"But that's such a waste!" You see, I was in the Peace Corps. Worse even than mothers who tell their children to eat all their vegetables because there are starving children in Africa, are returned Peace Corps volunteers. "Most people in the world don't even have grass!" I argued. It's true. Central Africans see anything green growing within 10 meters of their houses as invitations for snakes, scorpions, spiders. Each morning, girls all over Central Africa, wake to perform their first of many chores during the day, sweeping the dirt yard. Coming from a grass-obsessed nation, this, of course, struck me as very odd behavior. But after living there for two years, I came to appreciate the aesthetic of a well-swept dirt yard.

"Have you ever tried to mow with a push mower?" my husband asked, grass clippings stuck all over his sweaty arms, legs, torso, face. He seemed a bit irritated, so I debated whether to admit that I had never used any kind of mower. My mother thought it too dangerous. We might have cut off our toes. She, in fact, wouldn't let us anywhere near the lawn when my father was mowing. My brothers and I had to watch from the safety of the front porch.

Va-va-va-va-va-va! Va-va-va-va-va!

I decided it best to lie. "Of course I have!" My husband stepped aside, offering me the mower. I rolled up my sleeves. How hard could it be? I leaned my weight on the mower. It wouldn't budge. "Must be broken," I said.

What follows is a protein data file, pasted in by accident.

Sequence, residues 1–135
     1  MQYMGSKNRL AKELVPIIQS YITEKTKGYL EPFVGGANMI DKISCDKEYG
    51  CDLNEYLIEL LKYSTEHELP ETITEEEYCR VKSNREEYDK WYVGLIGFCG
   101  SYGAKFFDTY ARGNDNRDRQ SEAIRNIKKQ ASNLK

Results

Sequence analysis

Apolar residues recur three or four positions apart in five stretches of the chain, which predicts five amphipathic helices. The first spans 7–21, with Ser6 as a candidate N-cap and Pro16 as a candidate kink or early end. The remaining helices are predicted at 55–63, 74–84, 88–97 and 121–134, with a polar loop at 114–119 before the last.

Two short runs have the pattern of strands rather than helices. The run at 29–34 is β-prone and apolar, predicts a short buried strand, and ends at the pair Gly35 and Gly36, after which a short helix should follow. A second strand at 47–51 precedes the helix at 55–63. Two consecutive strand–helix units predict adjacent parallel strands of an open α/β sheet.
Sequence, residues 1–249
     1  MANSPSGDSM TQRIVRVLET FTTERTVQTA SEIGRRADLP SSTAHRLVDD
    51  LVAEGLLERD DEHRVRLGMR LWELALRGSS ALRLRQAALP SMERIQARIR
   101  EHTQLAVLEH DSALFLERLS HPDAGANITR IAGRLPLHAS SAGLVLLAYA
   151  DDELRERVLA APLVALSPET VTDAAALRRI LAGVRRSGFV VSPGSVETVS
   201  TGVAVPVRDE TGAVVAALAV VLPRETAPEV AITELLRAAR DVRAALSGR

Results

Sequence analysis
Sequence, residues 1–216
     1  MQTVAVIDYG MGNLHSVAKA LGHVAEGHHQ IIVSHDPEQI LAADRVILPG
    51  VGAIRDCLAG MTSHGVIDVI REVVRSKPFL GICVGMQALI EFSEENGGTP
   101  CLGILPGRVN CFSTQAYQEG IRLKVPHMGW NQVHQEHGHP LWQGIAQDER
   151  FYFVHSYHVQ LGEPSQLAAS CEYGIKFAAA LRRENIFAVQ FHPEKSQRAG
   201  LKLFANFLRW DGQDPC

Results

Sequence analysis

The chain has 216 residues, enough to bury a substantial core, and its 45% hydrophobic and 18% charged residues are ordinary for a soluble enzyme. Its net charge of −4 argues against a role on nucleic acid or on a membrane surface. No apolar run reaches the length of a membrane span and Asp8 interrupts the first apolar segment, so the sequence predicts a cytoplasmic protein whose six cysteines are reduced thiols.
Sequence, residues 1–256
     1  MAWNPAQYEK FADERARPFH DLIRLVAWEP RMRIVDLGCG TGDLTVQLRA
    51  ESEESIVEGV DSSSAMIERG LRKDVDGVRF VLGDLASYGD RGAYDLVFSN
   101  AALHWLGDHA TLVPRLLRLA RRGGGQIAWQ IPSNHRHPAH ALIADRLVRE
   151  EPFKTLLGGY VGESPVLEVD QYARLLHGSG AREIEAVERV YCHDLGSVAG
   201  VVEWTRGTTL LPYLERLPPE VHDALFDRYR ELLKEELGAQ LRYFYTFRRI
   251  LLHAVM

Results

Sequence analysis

"Nope."

"The blades probably need sharpening."

Just to prove me wrong, my husband took it in. "We don't sharpen those," said the True Value man.

"But I called," said my husband.

"I thought you were talking about a push mower. Not a PUSH mower," he said.

Still, I was insistent. "You keep saying you want to get in shape. Consider it a cheap workout."

The next weekend when my husband suggested I help with the lawn, I pulled my trump card.

"I was up all night with the baby," I said. "I need a nap."

"OK, no problem!"

His willingness made me suspicious. Still, I could not let the opportunity slide.

An hour later, I woke to the windows rattling in the panes.

I looked outside. My 4-year-old was skipping about the yard, barefoot. The baby was in her stroller, screaming. And there was my husband cutting the grass with a roaring gas-powered mower. Smiling.

Well, it could have been worse. He could have gotten a rider. And how could I explain that to my Central African friends who didn't believe me when I told them about the tanning beds and the treadmills?

So our $5,000 push mower sits in a dark corner of the basement, covered in cobwebs, waiting for the time we decide to sell the house, hoping for a nice young couple with push mower nostalgia.
Dane, a 2005 Pioneer Press community columnist, lives in Chippewa Falls, Wis. E-mail her at jkosowsky@sbcglobal.net.





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Story Source: Pioneer Press

This story has been posted in the following forums: : Headlines; COS - Central African Republic; Humor; Lawn Mowing